Speaking of Batman, it is a little annoying how he seems to know everything… including that a super-secret spy agency is up to no good. I’m curious to see how he knew this, and I’m sure it will be revealed as the story goes on. Also yet to be revealed are Helena’s motives for joining Spyral. And how a girl’s boarding school became their front! There’s a lot of fun to be had here, but intrigue also.

The art is nothing to write home about. It’s certainly servicable: anatomy is accurate, expressions and lighting are natural, and backgrounds are understandably toned down to focus on the characters and action. But it suffers in that it’s in your run-of-the-mill, everyday comic book style. While there’s nothing unique offered here in the art style, it’s a solid foundation from which to build a graphic novel in which the story has more focus than the art. I, for one, am looking forward to more of the story!

– Kathleen

Seeley, Tim, Tom King, Mikel Janín, Stephen Mooney, and Jeromy Cox. Grayson (Vol. 1): Agents of Spyral. 2015.

Wonder Woman: Spirit of Truth

Usually, Wonder Woman is Kathleen’s domain, but when I saw this oversized graphic novel that was illustrated by one of my favorite artists, Alex Ross, I just had to read and share!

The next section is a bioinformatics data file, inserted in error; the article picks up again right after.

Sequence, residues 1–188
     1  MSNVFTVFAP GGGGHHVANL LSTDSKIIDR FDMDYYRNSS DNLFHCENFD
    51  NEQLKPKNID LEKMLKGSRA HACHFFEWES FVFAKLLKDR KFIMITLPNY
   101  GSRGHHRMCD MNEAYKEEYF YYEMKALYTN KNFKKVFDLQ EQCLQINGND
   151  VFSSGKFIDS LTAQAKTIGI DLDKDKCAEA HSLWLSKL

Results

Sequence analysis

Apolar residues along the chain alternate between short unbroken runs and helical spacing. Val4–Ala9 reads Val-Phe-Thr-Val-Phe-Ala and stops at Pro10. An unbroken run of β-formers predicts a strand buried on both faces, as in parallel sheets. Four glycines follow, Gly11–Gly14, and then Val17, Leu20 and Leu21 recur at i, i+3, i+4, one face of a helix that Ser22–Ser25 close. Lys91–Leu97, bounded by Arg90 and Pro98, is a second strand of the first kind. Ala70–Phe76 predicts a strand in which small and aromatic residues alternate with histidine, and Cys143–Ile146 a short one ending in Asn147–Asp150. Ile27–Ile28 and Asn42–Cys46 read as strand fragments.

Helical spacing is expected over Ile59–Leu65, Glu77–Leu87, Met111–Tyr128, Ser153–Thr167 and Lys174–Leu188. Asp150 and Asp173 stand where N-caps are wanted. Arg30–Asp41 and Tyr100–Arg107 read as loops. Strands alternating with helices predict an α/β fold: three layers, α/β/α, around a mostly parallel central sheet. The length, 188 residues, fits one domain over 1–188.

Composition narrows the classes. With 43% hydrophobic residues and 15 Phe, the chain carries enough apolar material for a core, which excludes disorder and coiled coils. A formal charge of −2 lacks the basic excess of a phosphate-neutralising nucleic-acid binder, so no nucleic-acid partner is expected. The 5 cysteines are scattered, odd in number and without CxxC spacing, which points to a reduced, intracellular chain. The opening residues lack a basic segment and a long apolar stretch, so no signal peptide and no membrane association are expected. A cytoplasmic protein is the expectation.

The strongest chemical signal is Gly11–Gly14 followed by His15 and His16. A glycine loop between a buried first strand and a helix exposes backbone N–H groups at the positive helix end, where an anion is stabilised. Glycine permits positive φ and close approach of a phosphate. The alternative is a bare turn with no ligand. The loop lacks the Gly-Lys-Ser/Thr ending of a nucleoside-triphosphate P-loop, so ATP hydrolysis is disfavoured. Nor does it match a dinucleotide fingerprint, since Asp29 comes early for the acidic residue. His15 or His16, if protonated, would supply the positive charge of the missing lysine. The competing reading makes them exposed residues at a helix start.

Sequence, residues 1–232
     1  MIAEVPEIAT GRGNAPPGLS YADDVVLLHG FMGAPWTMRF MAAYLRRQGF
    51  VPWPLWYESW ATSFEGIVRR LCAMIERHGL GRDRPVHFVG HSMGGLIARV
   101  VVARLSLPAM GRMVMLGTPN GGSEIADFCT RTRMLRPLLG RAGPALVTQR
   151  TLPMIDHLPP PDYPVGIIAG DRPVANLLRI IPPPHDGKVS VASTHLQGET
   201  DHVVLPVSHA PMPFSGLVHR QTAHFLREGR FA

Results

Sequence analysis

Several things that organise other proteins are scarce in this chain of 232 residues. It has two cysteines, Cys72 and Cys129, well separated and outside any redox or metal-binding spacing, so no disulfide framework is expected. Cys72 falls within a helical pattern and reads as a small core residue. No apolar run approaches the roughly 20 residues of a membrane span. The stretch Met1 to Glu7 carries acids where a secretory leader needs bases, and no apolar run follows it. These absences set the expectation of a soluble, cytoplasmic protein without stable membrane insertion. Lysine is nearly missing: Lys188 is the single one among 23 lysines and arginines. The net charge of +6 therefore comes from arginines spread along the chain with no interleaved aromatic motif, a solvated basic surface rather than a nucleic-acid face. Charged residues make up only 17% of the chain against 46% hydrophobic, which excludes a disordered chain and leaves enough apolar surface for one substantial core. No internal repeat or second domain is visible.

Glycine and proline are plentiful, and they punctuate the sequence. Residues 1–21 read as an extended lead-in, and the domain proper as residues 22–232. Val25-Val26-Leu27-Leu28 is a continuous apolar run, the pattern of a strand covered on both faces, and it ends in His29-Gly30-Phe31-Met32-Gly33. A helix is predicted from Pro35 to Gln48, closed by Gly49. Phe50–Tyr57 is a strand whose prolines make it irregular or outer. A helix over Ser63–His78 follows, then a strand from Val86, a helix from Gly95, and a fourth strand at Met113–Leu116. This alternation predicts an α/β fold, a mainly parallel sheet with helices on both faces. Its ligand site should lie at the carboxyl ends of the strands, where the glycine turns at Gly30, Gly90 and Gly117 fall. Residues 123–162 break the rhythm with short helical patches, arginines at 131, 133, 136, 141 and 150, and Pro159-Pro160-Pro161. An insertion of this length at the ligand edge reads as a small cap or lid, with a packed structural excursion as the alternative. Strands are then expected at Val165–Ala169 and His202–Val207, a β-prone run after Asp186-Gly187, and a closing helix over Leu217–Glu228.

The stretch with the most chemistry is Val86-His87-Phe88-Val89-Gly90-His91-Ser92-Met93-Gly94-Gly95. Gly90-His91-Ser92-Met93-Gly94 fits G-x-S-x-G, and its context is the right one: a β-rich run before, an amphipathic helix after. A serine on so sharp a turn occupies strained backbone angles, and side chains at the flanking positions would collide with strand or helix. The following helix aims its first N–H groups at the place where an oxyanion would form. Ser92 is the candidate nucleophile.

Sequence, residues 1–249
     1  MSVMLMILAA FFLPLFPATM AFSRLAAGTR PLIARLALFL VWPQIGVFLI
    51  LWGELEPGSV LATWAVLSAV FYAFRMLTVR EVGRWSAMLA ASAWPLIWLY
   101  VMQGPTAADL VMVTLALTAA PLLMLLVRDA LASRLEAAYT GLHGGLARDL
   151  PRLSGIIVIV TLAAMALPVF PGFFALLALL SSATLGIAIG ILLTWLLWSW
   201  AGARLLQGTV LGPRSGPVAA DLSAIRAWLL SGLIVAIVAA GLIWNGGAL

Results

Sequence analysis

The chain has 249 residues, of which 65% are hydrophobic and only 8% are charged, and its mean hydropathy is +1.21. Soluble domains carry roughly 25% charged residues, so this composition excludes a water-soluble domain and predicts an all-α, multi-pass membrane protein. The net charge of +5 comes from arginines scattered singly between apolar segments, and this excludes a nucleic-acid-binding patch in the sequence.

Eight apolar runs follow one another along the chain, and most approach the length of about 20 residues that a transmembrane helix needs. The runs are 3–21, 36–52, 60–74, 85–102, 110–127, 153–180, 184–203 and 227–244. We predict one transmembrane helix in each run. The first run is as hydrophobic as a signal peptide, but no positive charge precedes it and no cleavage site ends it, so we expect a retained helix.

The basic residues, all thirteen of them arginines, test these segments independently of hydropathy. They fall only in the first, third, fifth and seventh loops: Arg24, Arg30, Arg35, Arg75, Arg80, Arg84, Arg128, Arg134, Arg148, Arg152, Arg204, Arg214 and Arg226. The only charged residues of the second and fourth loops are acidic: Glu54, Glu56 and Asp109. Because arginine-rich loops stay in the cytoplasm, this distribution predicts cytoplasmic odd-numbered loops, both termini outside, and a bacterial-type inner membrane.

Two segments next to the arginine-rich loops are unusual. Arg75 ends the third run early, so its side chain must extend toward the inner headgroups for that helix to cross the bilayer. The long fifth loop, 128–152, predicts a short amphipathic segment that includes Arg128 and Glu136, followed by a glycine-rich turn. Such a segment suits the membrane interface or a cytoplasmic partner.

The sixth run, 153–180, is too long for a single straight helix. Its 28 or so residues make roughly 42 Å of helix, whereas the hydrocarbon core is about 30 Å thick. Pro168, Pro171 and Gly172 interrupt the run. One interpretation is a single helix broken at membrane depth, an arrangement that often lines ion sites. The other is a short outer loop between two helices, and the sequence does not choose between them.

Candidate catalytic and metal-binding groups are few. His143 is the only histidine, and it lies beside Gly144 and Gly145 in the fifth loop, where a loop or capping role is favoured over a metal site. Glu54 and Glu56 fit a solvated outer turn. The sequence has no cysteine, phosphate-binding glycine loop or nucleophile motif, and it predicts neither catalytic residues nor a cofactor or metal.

Published soon after the tragedy of 9/11 in NYC, this story is shaped by the shock of the American people that terrorism could happen on our own shores. As such, it is a hopeful narrative that shows compassion to all nations of the world. Paul Dini begins this story with Diana’s birth at Paradise Island, and her later wish to join ‘Man’s World’ as an ambassador to help mankind. Her amazing powers are appreciated by many and she helps fight evil in large and small ways. However, others do not respect her goodwill and often her intentions are misinterpreted and rejected. She asks for advice from Superman, who wisely tells her to work alongside people instead of above them. She takes his words to heart and no longer always wears her Amazonian outfit, so she can blend in with other cultures and help from within. Finally, her spirit of truth shines through for all to see.

Ross’s painted watercolors are beautiful as always and done in his trademark photo-realism style. Diana often is shown to resemble Lynda Carter, the iconic actress who played Wonder Woman on television in the 1970’s. The layout is not typical graphic novel panels, but often are two-page spreads or montages with a few thin black lines to differentiate the pictures and to direct the flow of the action sequences.  The people in the crowds are so realistic, you know that Ross is painting them from models as he did later in the superb Kingdome Come, which also featured Diana in the DC classic.